You fuel our strength
Our story starts with a little boy named Sisoroth*, he was born a little over a year ago. His mother is an orphan, very young. His dad left when he was still in her womb. When he was born, Sisoroth* had a very small cranium. It instantly looked suspicious to our staff, and we sent him to see doctors to check that his development was going well.
The specialists we sent his mother to were not very helpful. She came back saying that one of them even told her that he had no brain. Another one said that he was “fine”.
But we never gave up.
We finally called a young Canadian doctor who was practicing in Phnom Penh for a year, and she was able to give us the contact of a doctor who had access to an MRI machine.
We finally got to get a full diagnosis, so we could support him and his mum. He has a microcephaly. Signs and symptoms of microcephaly may include a smaller than normal head circumference that usually remains smaller than normal as the child grows, delayed motor and speech functions, mental retardation, balance and coordination problems, and other brain-related or neurological problems; There is no treatment to change the head size. Even though there is no cure, we researched his disability and knew that Sisoroth* needs regular physiotherapy and special care in order to develop his motor skills.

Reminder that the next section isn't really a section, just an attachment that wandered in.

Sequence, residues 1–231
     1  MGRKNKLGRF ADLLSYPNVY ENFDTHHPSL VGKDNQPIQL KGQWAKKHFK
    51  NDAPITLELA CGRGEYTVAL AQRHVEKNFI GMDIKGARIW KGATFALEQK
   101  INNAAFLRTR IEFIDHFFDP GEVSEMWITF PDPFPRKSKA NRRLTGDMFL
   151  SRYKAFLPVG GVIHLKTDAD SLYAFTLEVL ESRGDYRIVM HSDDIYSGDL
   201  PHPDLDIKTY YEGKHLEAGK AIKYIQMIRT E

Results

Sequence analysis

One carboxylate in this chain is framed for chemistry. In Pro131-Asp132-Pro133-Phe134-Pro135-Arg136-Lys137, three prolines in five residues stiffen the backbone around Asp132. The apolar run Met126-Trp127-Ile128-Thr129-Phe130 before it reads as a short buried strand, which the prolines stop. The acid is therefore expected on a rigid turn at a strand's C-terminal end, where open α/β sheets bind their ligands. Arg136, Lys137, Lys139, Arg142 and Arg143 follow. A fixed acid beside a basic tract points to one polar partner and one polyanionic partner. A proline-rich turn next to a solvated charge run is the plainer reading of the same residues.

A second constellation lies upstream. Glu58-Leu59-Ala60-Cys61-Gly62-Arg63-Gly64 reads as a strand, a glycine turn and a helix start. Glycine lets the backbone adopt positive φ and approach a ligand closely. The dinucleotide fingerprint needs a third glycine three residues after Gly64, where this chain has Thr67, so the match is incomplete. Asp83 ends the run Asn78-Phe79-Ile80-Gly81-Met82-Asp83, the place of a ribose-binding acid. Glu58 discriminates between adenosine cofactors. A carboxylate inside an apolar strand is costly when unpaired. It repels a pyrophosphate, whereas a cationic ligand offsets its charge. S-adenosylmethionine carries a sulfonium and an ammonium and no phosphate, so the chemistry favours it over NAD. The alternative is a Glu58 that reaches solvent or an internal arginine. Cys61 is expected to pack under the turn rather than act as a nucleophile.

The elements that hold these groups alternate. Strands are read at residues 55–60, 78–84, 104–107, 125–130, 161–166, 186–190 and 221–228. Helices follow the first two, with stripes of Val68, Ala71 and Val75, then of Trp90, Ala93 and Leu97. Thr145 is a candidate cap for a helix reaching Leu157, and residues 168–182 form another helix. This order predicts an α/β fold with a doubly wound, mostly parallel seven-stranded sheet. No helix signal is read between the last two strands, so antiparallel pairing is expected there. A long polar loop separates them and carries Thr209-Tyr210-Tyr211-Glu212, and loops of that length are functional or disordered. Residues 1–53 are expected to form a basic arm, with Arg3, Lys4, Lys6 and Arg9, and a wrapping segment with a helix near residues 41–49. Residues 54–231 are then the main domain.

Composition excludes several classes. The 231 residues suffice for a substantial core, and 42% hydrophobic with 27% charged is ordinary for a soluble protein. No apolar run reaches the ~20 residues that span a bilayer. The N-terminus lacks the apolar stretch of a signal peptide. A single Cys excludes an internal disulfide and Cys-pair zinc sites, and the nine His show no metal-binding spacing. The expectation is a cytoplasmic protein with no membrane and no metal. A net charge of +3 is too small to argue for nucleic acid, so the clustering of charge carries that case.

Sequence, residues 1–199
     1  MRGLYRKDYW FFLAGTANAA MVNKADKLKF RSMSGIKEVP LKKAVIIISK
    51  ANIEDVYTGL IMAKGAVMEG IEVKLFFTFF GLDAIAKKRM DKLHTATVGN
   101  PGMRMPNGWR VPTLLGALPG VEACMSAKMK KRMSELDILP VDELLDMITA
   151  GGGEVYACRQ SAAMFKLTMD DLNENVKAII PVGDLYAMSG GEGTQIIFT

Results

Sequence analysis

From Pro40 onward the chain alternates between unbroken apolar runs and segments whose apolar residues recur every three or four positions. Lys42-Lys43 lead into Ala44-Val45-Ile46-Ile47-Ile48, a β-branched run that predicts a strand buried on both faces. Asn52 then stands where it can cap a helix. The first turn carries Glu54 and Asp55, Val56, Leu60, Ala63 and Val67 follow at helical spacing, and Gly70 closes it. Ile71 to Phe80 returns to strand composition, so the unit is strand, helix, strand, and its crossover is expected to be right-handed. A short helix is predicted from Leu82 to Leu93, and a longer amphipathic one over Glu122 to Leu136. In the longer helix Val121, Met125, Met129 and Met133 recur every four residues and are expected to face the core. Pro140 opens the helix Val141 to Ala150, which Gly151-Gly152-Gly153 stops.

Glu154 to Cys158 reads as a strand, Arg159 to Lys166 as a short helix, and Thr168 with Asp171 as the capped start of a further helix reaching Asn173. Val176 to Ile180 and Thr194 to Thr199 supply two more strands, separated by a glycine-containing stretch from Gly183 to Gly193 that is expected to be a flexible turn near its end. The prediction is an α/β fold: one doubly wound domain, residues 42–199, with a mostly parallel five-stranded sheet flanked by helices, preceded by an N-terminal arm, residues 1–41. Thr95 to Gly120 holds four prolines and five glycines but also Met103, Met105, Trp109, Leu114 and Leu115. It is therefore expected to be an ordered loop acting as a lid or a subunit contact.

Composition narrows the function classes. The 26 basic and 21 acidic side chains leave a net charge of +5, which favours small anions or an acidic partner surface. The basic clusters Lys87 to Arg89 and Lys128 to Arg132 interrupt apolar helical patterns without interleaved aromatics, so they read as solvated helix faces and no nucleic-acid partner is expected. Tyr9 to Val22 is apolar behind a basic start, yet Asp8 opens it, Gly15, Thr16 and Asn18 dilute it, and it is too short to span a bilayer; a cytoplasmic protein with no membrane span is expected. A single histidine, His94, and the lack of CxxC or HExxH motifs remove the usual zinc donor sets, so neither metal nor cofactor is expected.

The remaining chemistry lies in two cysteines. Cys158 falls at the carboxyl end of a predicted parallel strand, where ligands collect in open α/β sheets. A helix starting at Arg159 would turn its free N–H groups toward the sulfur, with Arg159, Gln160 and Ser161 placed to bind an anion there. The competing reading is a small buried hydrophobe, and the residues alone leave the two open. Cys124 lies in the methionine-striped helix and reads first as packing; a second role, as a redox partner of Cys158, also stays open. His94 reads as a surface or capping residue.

While at the hospital, the chief doctor came to us, and asked for our support. He had been trying to find families and placements for 20 children that were abandoned on the premises. All of them presented disabilities ranging from mental impairment to severe physical handicaps. Some had been living there for eight years, with no possibility of going outside. Years restricted to one small room without proper stimulation. It was heartbreaking.
We didn’t know how we could help at first. Our primary mission is to support women during a crisis pregnancy, and even though we partner with organisations that find permanent foster families, finding placement for 20 children seemed like an impossible task.
But when we visited the room the children were in, we knew we couldn’t just go home and forget their little faces. With no one to call “mama," with little love, and certainly not the care they needed.
Our team started talking to all of our partners. We spent hours on the phone, we met other NGOs, we spread the word.
Once again, we persisted.
The little ones were filling up our dreams, our nights and we believed that we were sent to help.